Hi Munki, and welcome to TCS!I have no clue why people state that UC Davis has yet to prove the existence of a bobcat hybridization. They breed to all kinds of exotic breeds - and I own a known offspring, DNA proven parentage through UC Davis clear back in 2000, of her grand-parents, and great grandmother (who was a bobcat). You can see her lines at f1bobcat.com and I'd share photos and DNA papers if anyone is interested. This falacy that bobcats do not breed with domestics has been going around the internet long enough. I have gone through un-surmountable abuse by people in cat sites and groups (not here yet...I'm new as of today, but let's see how this goes over) and I have always told them the truth. And I recently got given proof by the breeder. Munki, my kitty who is 16 months old, is indeed one quarter Bobcat, and I have DNA proof of her relatives. Parentage testing is available through UC Davis, but DNA breed proof of bobcat heritage is not. So what they did was to send in her great great grandmother's DNA and the father and the child, Cholla and Katie (2 daughters from the first litter who are my cat's grandmother), and had the parentage proven. Once bobcat parentage is proven by DNA, it's indisputable proof. Here is my cat's heritage. But to do this test, you must have the parent available to test. We were lucky that the originating breeders did own the mother. Clearly, the parentage markers are visible in the test. This is my girl. She was due for babies 2 days ago. She's at day 67 gestation right now. She is also dual F3 Jungle Bob as well as being the F4 Bobcat.View attachment 188393 View attachment 188394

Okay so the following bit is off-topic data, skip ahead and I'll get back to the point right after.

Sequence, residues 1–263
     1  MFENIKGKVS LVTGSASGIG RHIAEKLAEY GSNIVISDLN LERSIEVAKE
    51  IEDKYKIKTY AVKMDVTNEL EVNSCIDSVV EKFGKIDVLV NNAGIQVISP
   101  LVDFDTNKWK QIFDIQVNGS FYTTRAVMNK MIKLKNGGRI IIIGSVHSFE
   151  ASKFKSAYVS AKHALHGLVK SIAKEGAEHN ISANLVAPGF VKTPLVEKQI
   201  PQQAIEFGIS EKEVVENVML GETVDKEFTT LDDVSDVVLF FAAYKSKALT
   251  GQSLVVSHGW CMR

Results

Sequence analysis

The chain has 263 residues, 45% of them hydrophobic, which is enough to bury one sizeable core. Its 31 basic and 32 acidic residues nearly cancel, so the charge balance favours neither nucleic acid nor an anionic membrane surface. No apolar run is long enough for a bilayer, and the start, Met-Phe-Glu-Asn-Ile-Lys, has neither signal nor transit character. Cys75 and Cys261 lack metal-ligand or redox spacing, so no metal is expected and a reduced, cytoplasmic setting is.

I don't know much about genetics, but I'm trying to comprehend this and I'm having a hard time understanding the statement. Junglebobs are Felis catus (domestic cats) bred with Felis chaus (African Jungle Cats); they are, by necessity of identification, F² hybrids (solely). As regards the Bobcat (Lynx rufus) - while they share family and subfamily (Felinæ in both cases) - the cross would be interspecific (Felis x Lynx or Lynx x Felis). Both species have nineteen chromosomal pairs, but the Bobcat's distribution is thirty-four metacentrics and four acrocentrics, while the domestic cat has only two acrocentric chromosomes. Absent Lattice Engineering, or nanotechnological intervention using artificial nucleic acid structures, how is the disparity of genomic identity overcome? This is about more than simple chromosomal shape - it's about rather broadly varying loci and unshared alleles between the genii of Felis and Lynx.She is also dual F3 Jungle Bob as well as being the F4 Bobcat.